Radiofrequency Ablation
(burning the nerve to the facet joint)

For patients with arthritic facet joints, an option for treatment of that pain is to do a procedure which involves burning the nerves that provide sensation to those arthritic joints.

This procedure is called radiofrequency ablation.

To define these terms a bit more:

radiofrequency refers to a high frequency alternating electrical current.

ablation means tissue destruction…in this case, the nerves to the arthritic joints.

Each facet joint receives a small nerve branch (called the medial branch) from the nerve above and the nerve below that particular facet joint.

Another way to think about this procedure is to consider what happens when a dentist blocks the nerves from a painful tooth.  The nerves transmit the painful impulses to the brain, and the injection blocks that transmission, even though the tooth might still be rotting.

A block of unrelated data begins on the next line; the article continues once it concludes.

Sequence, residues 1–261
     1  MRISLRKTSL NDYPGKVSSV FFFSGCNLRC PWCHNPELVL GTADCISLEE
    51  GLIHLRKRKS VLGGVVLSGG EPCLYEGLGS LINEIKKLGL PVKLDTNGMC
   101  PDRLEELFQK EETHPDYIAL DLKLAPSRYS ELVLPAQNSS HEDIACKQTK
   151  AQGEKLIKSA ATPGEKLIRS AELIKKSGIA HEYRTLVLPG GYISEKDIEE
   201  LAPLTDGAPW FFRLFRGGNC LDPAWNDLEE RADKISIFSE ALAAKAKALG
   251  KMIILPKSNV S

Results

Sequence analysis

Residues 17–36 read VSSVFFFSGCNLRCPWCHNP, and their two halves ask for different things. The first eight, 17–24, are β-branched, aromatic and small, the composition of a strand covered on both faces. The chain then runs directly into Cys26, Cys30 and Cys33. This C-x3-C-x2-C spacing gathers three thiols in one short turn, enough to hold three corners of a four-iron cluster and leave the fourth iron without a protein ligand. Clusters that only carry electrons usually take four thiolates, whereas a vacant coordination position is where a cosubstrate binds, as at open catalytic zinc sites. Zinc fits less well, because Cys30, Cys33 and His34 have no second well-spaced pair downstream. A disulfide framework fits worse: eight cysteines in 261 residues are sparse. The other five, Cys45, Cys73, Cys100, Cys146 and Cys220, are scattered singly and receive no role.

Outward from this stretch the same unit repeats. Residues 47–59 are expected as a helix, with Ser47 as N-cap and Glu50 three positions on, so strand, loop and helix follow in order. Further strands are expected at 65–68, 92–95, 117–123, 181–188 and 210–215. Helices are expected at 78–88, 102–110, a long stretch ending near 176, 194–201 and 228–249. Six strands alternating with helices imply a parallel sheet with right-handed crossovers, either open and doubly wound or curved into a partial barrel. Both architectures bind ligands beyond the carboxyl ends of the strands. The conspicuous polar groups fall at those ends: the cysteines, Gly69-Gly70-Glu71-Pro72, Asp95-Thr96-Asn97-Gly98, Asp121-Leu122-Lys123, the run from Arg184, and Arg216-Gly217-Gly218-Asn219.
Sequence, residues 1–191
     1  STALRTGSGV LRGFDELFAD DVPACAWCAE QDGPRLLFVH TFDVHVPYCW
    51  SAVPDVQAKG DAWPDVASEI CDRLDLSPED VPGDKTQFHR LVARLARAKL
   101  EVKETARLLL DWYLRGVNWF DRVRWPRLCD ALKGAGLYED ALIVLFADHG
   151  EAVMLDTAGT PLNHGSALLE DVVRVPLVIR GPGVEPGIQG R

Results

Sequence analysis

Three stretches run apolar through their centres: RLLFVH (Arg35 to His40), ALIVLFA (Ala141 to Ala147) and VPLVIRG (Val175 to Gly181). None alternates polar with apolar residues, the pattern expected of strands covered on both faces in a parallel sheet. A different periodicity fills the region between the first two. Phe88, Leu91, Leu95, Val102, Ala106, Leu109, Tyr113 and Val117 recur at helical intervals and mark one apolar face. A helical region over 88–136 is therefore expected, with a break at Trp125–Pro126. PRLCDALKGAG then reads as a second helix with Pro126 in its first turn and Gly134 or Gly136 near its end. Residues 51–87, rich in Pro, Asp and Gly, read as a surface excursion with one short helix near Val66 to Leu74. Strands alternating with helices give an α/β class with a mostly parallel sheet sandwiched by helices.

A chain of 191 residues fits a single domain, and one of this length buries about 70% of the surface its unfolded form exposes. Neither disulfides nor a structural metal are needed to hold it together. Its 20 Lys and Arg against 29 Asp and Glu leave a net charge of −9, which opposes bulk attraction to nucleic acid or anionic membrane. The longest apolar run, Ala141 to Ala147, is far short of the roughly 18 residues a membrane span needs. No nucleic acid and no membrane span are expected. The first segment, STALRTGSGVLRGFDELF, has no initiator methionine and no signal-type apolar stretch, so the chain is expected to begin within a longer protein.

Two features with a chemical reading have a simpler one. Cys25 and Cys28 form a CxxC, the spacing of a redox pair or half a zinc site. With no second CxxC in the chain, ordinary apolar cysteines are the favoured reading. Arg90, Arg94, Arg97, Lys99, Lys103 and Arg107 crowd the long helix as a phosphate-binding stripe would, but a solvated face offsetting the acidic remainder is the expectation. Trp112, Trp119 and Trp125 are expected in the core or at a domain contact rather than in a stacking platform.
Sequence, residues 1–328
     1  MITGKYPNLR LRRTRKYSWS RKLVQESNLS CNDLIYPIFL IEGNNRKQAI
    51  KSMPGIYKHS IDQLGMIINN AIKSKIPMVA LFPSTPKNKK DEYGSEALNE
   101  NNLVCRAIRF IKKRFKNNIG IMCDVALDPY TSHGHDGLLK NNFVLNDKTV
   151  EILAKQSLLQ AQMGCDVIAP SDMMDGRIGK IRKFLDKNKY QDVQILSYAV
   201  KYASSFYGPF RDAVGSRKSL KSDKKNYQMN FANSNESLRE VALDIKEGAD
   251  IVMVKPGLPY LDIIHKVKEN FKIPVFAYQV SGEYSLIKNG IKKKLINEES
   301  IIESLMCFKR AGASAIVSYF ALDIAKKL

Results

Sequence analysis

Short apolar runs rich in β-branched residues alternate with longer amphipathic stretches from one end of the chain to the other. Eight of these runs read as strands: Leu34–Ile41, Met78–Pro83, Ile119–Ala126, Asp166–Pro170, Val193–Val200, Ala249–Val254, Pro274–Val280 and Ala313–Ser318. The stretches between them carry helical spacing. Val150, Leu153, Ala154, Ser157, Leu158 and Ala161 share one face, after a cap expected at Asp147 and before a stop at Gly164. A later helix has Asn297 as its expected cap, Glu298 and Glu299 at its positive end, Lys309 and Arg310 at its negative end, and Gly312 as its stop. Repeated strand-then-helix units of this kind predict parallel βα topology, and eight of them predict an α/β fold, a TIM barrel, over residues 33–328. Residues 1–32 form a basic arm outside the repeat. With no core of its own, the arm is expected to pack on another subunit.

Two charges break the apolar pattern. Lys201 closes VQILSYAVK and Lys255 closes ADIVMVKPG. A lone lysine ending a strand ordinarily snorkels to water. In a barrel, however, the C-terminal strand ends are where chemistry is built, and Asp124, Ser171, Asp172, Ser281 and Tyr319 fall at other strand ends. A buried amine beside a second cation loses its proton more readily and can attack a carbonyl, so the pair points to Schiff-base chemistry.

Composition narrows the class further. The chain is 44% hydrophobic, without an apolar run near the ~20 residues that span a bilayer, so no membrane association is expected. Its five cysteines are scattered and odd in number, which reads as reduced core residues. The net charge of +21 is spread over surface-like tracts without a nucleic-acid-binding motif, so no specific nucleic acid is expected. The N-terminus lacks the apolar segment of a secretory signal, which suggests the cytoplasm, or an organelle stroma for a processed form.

This procedure, instead of using a short lived anesthetic agent, blocks the nerve impulses by making a small burn where the nerves live, hopefully for relief that lasts 3-12 months.


Special needles (left) are used to transmit the electrical energy to these small nerves. The needles are insulated, except at the very tip.

By delivering the electrical energy near these small sensory nerves (right), they can be rendered dysfunctional thus providing relief of the pain from arthritic facet joints for many months.

Other FAQ’s:

Does this procedure hurt?
Usually very little. First, most patients have some sedative with an anesthetist present, so they are very calm and often remember very little of the procedure. There is a small pinch for the local anesthetic before the needle is introduced through the skin.

How do you know you don’t burn a more important nerve?
The nerve is stimulated to be sure there is not pain or muscle stimulation down the leg before the ablation process is started. If there is even a hint of pain down the leg, the position of the ablation needle is changed.